Teacher preparation adapts to these coming changes in teacher roles


Students are changing, demographically and culturally. Teaching is changing—or needs to change—as digital electronics make personalized learning increasingly possible and as project-based learning comes to be used increasingly as a method for motivation. School is changing, as new concepts of organization and of roles appear; most significantly, the concept of the school organized on the model of the partnership so common in other white-collar professional vocations.

Dissatisfaction with the current, traditional schools of education is high, even on the assumption that the job for the graduates will be the traditional job. And the job of teaching will be different. Teacher preparation must change to prepare teachers for this changing job.


Not by asking the existing programs politely to change—or by harassing them or even by bribing them. Better: Create new the different program for preparing teachers. And have these created perhaps by nontraditional entities. There are professional fields in which the pre-service preparation is handled by management; in the building trades it is handled by the unions. Some organization or organizations should start a new non-traditional program; let that innovation improve, and spread.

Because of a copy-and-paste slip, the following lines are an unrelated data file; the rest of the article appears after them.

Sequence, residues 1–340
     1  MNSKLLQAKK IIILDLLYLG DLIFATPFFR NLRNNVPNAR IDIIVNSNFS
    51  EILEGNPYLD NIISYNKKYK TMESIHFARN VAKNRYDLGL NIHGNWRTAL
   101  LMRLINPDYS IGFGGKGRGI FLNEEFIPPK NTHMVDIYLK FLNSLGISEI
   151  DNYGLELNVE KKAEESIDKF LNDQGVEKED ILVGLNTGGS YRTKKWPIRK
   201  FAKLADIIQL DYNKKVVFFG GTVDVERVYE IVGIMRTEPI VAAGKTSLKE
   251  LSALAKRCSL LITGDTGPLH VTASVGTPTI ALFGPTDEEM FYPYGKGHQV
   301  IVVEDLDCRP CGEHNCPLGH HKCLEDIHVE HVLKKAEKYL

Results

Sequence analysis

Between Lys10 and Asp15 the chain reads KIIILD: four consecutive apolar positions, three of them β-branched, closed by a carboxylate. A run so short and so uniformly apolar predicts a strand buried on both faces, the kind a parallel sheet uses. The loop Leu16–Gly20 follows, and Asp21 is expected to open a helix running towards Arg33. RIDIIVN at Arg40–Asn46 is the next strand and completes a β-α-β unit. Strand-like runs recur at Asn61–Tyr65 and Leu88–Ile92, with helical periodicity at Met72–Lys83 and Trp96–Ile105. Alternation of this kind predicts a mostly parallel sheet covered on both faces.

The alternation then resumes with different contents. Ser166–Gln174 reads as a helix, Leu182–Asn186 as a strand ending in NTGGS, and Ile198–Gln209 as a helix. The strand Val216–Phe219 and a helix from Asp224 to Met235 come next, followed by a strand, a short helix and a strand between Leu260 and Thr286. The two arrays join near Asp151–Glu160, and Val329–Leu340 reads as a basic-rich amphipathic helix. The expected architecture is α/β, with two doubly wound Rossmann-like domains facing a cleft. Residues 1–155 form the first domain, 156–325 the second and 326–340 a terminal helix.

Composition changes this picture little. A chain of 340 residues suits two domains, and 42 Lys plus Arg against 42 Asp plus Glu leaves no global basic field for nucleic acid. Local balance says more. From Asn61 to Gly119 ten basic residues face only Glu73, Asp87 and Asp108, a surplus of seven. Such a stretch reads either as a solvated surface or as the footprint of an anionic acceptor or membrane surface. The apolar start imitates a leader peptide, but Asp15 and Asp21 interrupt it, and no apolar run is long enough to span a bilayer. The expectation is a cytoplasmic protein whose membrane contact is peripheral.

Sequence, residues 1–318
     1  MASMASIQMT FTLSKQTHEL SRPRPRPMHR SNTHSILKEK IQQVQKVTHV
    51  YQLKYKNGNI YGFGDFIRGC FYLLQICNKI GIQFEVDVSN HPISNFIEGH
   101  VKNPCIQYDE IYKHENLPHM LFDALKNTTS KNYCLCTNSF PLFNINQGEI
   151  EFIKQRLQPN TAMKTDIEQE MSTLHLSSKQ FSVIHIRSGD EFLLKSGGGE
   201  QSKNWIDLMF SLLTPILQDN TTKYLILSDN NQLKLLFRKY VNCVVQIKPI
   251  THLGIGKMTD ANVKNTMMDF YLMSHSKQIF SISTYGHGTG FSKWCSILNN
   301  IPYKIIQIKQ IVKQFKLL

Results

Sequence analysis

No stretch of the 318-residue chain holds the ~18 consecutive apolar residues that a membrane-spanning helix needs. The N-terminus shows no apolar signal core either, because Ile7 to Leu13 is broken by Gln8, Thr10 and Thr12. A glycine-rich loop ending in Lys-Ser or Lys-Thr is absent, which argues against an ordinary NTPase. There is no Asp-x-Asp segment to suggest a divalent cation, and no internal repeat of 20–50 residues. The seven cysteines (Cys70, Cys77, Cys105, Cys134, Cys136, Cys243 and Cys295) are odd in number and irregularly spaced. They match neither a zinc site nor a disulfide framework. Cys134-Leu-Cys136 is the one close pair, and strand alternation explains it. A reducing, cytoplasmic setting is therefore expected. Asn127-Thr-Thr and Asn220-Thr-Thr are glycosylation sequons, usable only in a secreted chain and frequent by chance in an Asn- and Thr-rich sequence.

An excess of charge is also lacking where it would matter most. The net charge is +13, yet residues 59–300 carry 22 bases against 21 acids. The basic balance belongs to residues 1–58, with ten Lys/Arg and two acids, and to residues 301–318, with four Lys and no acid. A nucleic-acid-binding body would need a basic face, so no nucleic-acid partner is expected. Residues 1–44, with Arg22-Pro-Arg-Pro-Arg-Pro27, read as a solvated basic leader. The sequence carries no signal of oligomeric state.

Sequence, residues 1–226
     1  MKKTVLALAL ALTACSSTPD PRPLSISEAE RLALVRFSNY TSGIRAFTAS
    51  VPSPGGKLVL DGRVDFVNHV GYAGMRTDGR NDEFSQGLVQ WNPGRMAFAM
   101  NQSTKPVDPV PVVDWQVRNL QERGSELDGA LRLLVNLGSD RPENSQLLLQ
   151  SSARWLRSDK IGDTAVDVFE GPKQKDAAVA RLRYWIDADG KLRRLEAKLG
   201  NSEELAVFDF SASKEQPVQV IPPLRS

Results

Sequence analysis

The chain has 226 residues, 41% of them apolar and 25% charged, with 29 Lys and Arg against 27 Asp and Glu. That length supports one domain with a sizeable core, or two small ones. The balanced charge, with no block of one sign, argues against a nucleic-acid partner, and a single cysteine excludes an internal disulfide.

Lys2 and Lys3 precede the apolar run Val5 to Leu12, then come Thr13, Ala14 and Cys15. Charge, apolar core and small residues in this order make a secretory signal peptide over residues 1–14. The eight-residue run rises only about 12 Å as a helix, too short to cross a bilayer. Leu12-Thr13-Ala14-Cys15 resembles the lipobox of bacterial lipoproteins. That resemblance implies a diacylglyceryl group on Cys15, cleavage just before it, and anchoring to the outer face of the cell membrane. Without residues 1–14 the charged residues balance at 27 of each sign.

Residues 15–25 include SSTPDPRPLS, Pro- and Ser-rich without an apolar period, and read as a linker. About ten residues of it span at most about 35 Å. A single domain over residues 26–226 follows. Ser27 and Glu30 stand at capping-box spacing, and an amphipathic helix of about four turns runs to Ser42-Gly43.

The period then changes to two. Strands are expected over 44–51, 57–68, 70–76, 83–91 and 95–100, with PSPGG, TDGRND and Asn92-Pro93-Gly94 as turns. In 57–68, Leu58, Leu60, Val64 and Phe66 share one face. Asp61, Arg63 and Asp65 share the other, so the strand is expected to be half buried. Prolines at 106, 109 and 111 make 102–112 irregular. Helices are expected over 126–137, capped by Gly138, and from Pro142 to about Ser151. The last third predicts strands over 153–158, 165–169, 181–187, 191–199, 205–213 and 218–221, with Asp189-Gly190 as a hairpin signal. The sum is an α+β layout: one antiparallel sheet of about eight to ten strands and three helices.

What Will Result?

New approaches to teacher preparation will appear, responding to the changing needs in the profession. Successful models will get replicated, as other new programs appear or as existing programs adjust.